GROWING up, I was taught that among the major religions, Buddhism was the only non-violent one. Judaism, Christianity and Islam all preached versions of religious war and harsh physical punishments. Lord Buddha, on the other hand, was a man who repudiated the killing of another human being for any reason.
All the more reason that the sight of saffron-clad Buddhist monks leading mobs to kill non-Buddhists in countries like Sri Lanka and Myanmar has been so shocking. The latter has been the scene of gruesome ethnic cleansing that has driven close to a million Muslim Rohingyas to Bangladesh. And recent anti-Muslim riots in Sri Lanka show that sectarian hate is still alive and kicking in that once-tolerant island.
When I began spending large parts of the year in Sri Lanka over the last decade, I was struck by the presence of churches, a mosque and temples in close proximity in the small town close to our beach house. Surely, I thought, this was a sign of inter-faith harmony. How wrong I was: I soon learned that we lived not far from Matra, the heart of the JVP (Janatha Vimukthi Peramuna) uprising. A Marxist outfit formed in the ‘60s, supposedly to protect the rights of the Tamils and the Sinhalese communities, the JVP rose against the government of Sirimavo Bandaranaike in 1971. While no accurate figures are available for the resulting bloodbath, it is estimated that between 4,000 and 5,000 were killed.
Of course this figure is dwarfed by the carnage that took place at the end of the long civil war against the Tamil Tigers fighting for independence in the north of the island. There, too, Muslims were subjected to ethnic cleansing and driven out by the LTTE in the early ‘90s, forced to abandon their farms and businesses. And after the war ended, and they tried to reclaim their properties, few succeeded. Many did not make the effort as their lands and shops are now occupied by local Tamils.
In an effort to demonise Muslims, extreme Sinhalese nationalists have put out concocted demographic projections showing an inexorable rise in the Muslim population that, over time, will overtake the number of Buddhists. But academic studies rule out this possibility. This kind of fear-mongering is similar to the misinformation that stokes Islamophobia in Europe today.
Muslims today comprise around 10 per cent of the total population, and generally maintain a low profile. Many families trace their presence on the island to the early Islamic period when Arab dhows sailed to the Far East to trade. On the way, the traders established a colony around the coastal city of Galle where a thriving Muslim community exists to this day. Many are engaged in the lucrative gemstone business, a cause of envy for many of their non-Muslim neighbours.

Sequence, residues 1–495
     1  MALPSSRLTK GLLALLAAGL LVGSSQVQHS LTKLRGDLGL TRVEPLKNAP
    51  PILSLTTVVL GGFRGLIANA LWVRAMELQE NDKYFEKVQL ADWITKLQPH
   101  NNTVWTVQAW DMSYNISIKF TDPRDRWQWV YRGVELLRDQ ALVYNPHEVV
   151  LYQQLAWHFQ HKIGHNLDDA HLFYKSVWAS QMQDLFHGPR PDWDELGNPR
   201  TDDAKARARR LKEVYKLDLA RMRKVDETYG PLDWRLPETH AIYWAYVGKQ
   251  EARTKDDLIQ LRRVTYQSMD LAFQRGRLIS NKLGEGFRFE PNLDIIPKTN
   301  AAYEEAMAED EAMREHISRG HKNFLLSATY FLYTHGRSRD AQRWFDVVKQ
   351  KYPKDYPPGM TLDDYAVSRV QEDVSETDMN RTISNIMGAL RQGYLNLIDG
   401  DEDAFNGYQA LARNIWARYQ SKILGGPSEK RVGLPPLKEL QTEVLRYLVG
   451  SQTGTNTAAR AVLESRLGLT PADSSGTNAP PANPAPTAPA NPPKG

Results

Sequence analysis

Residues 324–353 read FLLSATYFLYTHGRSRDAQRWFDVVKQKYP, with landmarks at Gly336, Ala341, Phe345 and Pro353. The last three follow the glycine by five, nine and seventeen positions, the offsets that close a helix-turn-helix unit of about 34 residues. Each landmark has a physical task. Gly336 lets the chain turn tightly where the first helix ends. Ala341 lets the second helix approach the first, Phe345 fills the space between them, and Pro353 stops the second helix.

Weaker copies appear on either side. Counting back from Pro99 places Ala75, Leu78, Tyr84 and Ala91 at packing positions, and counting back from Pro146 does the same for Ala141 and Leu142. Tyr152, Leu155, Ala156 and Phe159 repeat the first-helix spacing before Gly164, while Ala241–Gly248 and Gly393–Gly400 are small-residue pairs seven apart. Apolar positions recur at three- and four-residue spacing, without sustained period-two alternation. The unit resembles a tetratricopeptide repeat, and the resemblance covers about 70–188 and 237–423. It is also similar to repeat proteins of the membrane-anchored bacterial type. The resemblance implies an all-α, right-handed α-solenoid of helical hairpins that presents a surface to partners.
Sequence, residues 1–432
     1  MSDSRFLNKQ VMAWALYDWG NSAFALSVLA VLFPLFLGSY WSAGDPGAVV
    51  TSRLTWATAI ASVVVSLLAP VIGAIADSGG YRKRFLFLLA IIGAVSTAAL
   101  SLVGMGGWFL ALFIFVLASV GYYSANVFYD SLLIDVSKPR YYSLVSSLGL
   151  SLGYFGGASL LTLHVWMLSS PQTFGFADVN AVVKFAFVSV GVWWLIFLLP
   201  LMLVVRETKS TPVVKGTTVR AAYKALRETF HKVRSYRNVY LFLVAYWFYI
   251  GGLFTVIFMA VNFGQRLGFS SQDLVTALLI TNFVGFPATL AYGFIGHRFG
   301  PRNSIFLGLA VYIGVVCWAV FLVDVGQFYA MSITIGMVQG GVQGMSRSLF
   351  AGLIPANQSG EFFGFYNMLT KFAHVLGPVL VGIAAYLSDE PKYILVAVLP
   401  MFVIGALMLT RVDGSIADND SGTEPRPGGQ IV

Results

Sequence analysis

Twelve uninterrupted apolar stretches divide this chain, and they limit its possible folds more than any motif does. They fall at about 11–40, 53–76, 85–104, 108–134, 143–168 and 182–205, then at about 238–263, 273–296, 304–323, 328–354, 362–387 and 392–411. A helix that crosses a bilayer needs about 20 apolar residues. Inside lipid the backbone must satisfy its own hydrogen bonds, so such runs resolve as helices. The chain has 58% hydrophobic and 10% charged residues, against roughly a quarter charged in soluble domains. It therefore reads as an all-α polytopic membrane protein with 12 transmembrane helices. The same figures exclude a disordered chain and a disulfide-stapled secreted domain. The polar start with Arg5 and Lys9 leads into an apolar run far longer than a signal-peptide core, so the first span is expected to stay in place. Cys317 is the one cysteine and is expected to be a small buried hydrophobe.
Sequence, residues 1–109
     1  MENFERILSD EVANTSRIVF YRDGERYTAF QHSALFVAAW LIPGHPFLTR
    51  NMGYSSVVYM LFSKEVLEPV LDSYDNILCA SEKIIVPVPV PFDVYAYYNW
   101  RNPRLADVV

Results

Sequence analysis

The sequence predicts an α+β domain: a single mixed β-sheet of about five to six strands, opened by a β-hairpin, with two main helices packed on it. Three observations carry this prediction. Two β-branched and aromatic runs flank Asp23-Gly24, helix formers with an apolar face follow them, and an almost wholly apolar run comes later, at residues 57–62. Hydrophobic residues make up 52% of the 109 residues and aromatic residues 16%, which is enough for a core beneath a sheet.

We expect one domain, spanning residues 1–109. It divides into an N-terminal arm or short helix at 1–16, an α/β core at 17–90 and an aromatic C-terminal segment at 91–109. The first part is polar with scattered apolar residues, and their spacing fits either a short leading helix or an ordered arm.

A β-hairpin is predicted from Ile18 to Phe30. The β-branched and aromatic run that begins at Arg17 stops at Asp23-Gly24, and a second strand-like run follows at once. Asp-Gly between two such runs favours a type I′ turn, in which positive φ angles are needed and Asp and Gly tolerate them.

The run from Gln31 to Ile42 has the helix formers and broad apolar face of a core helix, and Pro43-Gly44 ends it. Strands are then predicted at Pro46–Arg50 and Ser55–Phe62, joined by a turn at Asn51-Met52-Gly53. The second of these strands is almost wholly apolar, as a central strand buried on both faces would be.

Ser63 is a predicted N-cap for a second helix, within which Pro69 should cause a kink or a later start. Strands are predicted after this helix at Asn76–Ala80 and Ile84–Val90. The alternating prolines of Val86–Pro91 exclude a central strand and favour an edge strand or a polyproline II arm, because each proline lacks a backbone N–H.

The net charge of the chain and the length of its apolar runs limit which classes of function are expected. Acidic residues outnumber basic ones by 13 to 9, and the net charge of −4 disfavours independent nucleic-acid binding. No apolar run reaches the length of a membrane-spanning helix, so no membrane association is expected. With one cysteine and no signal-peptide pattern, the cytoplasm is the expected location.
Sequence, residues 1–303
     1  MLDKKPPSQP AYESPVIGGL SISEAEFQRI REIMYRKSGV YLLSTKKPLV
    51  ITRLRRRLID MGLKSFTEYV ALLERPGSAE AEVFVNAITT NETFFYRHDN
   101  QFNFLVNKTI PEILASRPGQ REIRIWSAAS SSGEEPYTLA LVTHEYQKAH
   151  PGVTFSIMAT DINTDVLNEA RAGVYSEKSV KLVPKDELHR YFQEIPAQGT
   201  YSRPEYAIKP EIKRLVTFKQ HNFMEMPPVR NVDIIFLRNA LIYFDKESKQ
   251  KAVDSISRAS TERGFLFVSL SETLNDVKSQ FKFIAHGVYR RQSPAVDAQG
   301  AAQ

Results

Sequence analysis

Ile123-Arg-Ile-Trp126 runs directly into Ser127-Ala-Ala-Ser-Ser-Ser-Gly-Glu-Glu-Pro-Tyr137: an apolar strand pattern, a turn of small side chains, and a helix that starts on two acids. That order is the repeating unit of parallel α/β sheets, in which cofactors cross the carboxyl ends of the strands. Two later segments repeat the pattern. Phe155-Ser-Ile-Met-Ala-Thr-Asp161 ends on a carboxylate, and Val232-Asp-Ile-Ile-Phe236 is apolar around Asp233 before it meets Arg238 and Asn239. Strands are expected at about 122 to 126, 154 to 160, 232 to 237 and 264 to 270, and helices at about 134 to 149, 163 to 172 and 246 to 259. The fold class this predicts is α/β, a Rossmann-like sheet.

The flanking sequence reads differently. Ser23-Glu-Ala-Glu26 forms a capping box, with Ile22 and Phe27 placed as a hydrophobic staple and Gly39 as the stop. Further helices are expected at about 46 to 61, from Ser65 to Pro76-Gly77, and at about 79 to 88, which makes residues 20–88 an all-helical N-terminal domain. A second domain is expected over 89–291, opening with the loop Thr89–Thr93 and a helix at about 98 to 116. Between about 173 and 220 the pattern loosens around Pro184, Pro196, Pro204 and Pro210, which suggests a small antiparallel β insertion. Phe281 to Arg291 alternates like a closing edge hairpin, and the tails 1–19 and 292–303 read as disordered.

Dotted along the coast are communities of poorer Muslim fishermen, seen by many Sinhalese as dirty and uncaring about their neighbourhoods. The general perception is that they have large families, and make little effort to integrate. In our local town is a small-time Muslim jeweller we send guests to. His young son has a long beard and wears an Arab jubbah. After graduating from high school, he began working in the local mosque instead of trying to get a well-paying job at the new tourist hotel that had opened recently. His sister, a very bright young girl, was almost thwarted from trying to go to university by her conservative father. I think our intervention helped her to apply. This is just one example of the distance that has opened up between the two communities.
Of course things are very different in the far more cosmopolitan Colombo. But even here, one sees more burqa-clad women than ever before. Inter-faith marriages are rare, except among highly sophisticated circles. Another irritant is the fact that while Muslims slaughter and eat beef, few Sinhalese do. A couple of years ago, a Muslim-owned supermarket that sold halal beef was attacked by a mob.
But this pales into insignificance before the recent violence witnessed in Kandy district. Kandy is a very popular tourist destination, and is home to the Temple of the Holy Tooth. When a group of Muslims attacked and seriously injured a truck driver in a road rage incident, a mob led by a rabid monk from the BBS (Bodu Bala Sena) incited an anti-Muslim rampage that saw many houses, shops and vehicles torched. A 10-day state of emergency was declared and a curfew imposed to curb further violence. But the police were seen as being slow to act in the initial phase of the riots.
Indeed, the government is viewed as far too tolerant of the hate speech many BBS monks indulge in. They have spewed hatred against the Rohingyas who have arrived as traumatised refugees from Myanmar, and their general approach can be summed up by the slogan: “Sri Lanka for the Buddhists.”
And yet the island has been home to multiple faiths and communities for centuries. Apart from the Portuguese, the Dutch and the British — all of whom left their DNA implanted in the population — there are Muslims and Hindus who have made Sri Lanka their home over the centuries. Exact details for the Tamil presence here are blurry, but according to some archaeologists, they have lived on the island since around 2,000 BC, establishing their own kingdoms, and fighting wars against the Sinhalese. So clearly, the rivalry between the two communities goes back a long time.
It would seem that human nature being what it is, racial, ethnic and communal hatred is hard to erase, no matter how gentle and peace-loving the prophet who tries to teach us that human life is too precious to sacrifice.
Published in Dawn, March 12th, 2018